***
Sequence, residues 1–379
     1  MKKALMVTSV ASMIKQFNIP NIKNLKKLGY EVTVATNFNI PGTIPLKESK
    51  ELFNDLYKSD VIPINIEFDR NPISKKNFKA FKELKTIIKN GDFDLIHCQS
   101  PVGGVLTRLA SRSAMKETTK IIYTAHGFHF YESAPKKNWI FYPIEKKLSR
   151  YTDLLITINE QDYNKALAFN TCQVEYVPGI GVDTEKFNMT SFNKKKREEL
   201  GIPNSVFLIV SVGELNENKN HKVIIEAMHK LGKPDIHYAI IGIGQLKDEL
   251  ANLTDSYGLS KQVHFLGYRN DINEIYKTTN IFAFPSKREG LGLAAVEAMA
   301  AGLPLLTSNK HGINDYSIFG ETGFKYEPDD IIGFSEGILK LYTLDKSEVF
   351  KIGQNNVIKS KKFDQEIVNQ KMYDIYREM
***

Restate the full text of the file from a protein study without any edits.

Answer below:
Sequence, residues 1–379
     1  MKKALMVTSV ASMIKQFNIP NIKNLKKLGY EVTVATNFNI PGTIPLKESK
    51  ELFNDLYKSD VIPINIEFDR NPISKKNFKA FKELKTIIKN GDFDLIHCQS
   101  PVGGVLTRLA SRSAMKETTK IIYTAHGFHF YESAPKKNWI FYPIEKKLSR
   151  YTDLLITINE QDYNKALAFN TCQVEYVPGI GVDTEKFNMT SFNKKKREEL
   201  GIPNSVFLIV SVGELNENKN HKVIIEAMHK LGKPDIHYAI IGIGQLKDEL
   251  ANLTDSYGLS KQVHFLGYRN DINEIYKTTN IFAFPSKREG LGLAAVEAMA
   301  AGLPLLTSNK HGINDYSIFG ETGFKYEPDD IIGFSEGILK LYTLDKSEVF
   351  KIGQNNVIKS KKFDQEIVNQ KMYDIYREM